How I Store Classroom Computers

I had been looking for a new way to store my computers that I got from Donors Choose (the lovely pink one was my donation, the girls always want that one!).  I had inherited several of these wonderful wooden organizers from my mother who had retired from teaching and they were the perfect size to fit the netbooks.  I found THIS pin last summer and decided to use it to organize the cords.

 Each of the computers is numbers, so the students easily know where to put the computer back so that it goes with the correct plug.  Below, you can see how the cord fits through the clamp and stays in the proper place.

Thanks go to Kristen from Ladybug's Teacher Files and Elizabeth from Fun in Room 4B for the Linky Party!


Data Analysis INB Page

When introducing this unit, I introduce the vocabulary by using this INB and the cards so that students can manipulate the numbers.


Problem Solving

We usually spend the last week of school doing nothing but problem solving activities during our math time. One of my favorite activities to do with my 6th graders is called Paper Pool which can be found on the Illuminations website. The students would spend a whole week on this project if I let them. 

I start by going through THIS worksheet, which explains the activity.

We go through both examples so that they understand exactly what the rules are.  Usually about half of the students have trouble understanding how to draw the lines (they have to be corner to corner), so I usually have to spend time working with them. If I'm lucky, the partner they have chosen understands and can show them how to do it. Once everyone understands how the "ball" moves on the board, they try different size rectangles.

When the students see a pattern, they write the "rule" on the board (they have to have found at least 3 rectangles that fit their rule to write it on the board).  

The next day, we test the "rules".  Every group takes a different rectangle that fits the rule to test it.  If it passes the test for all rectangles tested, it goes on the proven rules list. We had approximately 25 rules when we started and it went down to only 7 after testing each one.  I then wrote down whether each number was odd or even and we narrowed our rules down even further.

I do the "Crossing the River" problem with my 5th graders which came from Fostering Algebraic Thinking by Mark Driscoll (new on Amazon for $19.99 or used for $12.78). I did find the activity on-line HERE. The book is geared for 6-10 grade, but we used it in a class I took that was filled with elementary teachers.  We were able to easily adapt most of the problems.

The goal of the activity is to get 2 children and 8 adults across the river with only one boat. The rules for crossing are the following: one adult, one child or 2 children in a boat. You can NOT have one child and one adult in the boat at the same time. The students have to figure out the least amount to trips it takes to get across the river. Eventually they figure out an equation to figure out how many trips for any number of children and adults.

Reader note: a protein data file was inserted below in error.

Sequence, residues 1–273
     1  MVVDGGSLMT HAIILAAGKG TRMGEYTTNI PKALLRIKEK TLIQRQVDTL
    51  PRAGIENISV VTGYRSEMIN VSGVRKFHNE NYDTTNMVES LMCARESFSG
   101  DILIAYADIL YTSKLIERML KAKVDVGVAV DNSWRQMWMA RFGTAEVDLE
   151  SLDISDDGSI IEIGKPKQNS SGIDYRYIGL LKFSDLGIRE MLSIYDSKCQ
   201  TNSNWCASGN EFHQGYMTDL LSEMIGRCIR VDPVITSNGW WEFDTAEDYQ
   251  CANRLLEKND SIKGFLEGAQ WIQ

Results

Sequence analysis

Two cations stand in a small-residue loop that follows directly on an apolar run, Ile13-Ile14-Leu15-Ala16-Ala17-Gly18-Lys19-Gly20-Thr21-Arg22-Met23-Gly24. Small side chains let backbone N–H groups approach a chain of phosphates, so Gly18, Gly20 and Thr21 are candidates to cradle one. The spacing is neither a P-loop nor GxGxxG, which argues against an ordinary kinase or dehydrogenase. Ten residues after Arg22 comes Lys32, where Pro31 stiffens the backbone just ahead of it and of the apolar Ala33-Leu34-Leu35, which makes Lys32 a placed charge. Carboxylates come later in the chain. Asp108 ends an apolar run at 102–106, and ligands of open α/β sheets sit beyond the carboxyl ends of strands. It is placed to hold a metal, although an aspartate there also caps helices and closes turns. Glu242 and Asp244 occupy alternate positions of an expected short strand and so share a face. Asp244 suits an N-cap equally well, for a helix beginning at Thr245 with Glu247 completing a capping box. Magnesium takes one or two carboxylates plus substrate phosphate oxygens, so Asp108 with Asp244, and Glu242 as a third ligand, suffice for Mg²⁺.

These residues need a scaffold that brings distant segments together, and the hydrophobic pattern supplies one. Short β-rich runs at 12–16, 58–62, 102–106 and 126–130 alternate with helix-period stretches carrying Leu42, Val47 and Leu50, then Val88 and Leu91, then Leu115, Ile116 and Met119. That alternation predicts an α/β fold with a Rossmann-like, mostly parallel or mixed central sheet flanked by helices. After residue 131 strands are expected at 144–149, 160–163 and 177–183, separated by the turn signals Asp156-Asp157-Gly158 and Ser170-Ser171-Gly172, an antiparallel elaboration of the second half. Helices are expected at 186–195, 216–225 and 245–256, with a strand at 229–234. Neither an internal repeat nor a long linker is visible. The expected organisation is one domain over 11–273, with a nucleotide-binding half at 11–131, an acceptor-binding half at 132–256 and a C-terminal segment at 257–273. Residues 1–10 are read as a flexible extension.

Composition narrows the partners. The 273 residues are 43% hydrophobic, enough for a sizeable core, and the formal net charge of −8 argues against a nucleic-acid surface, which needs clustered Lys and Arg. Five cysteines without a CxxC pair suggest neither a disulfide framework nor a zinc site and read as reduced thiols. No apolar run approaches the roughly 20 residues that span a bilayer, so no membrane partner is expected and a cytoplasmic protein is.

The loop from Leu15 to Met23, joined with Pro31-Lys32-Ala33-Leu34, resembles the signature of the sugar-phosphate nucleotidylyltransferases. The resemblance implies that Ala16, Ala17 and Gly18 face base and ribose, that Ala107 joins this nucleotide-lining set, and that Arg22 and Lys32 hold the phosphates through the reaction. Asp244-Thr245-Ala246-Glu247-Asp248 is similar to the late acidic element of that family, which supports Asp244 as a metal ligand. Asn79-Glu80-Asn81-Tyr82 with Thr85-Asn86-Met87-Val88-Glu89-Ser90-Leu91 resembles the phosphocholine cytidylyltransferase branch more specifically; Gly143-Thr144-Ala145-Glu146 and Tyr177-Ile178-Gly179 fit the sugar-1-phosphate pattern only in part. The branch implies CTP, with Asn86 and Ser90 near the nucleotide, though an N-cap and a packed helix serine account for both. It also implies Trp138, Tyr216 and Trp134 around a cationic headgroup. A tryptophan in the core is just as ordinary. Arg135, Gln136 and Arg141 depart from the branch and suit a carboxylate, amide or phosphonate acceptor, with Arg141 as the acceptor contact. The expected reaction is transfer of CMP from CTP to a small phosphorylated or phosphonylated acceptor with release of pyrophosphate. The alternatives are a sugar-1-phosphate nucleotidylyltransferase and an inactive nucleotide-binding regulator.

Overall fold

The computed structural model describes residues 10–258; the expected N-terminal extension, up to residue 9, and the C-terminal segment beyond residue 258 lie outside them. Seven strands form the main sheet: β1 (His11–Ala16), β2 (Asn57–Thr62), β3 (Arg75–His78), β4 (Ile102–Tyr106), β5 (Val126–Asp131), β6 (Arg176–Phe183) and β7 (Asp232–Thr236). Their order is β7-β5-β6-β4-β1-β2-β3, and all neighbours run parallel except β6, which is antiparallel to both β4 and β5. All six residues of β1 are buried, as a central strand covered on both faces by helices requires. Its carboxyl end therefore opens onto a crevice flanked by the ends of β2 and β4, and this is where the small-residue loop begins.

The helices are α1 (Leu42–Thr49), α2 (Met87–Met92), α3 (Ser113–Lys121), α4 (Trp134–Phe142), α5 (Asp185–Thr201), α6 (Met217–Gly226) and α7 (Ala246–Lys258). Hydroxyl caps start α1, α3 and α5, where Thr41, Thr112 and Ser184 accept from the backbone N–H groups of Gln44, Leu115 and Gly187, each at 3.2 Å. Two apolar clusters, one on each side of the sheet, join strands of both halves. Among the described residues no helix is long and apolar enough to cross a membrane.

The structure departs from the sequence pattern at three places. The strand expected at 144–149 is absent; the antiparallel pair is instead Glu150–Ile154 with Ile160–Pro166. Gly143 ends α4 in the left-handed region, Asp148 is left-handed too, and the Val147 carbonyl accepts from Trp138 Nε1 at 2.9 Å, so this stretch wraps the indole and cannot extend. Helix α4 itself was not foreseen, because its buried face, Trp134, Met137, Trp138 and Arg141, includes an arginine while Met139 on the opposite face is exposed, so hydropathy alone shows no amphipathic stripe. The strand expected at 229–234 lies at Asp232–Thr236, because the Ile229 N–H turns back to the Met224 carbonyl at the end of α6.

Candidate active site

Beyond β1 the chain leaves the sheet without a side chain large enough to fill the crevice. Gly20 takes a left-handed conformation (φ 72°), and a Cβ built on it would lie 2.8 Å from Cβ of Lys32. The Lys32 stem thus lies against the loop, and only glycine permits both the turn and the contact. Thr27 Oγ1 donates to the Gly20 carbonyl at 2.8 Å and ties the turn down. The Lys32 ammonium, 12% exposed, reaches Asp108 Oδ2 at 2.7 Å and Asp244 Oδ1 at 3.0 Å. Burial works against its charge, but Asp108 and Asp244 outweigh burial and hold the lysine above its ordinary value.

What are some of your favorite problem solving activities to do with your students?  I'm always looking for new activities and would love for you to share you favorites with us.


Concept Mapping

Originally posted on the ATUE blog.

I was introduced to concept mapping several years ago, but didn't really start using it my classroom until this school year.  When I was asked to be a science trainer for our district in 2011, the district wanted us to use concept mapping as a way to teach vocabulary. They wanted us to encourage our teachers to use concept mapping instead of your standard definitions to learn science vocabulary.

Since I had never used this type of mapping in my lessons, I spent quite a bit of time watching the other trainers working with the teachers and learning how to use them myself. Unfortunately, I don't think many of the other teachers in my building are using the maps, so my students don't see them until 5th grade.

This year I have tried to implement them fully into our science curriculum (I'm thinking about doing social studies next year). We start off the same each time.

After each science activity (we use the FOSS kits), the students come up with words to put on our word wall or word bank.  Each day we use a different color.

5th grade Human Body FOSS kit
After coming up with our words, we then put them on the concept map.  The hardest part for the students seems to be the wording that ties each of the words together.  I try not to lead them into what I think it should be, but to let them come up with how the words connect with each other.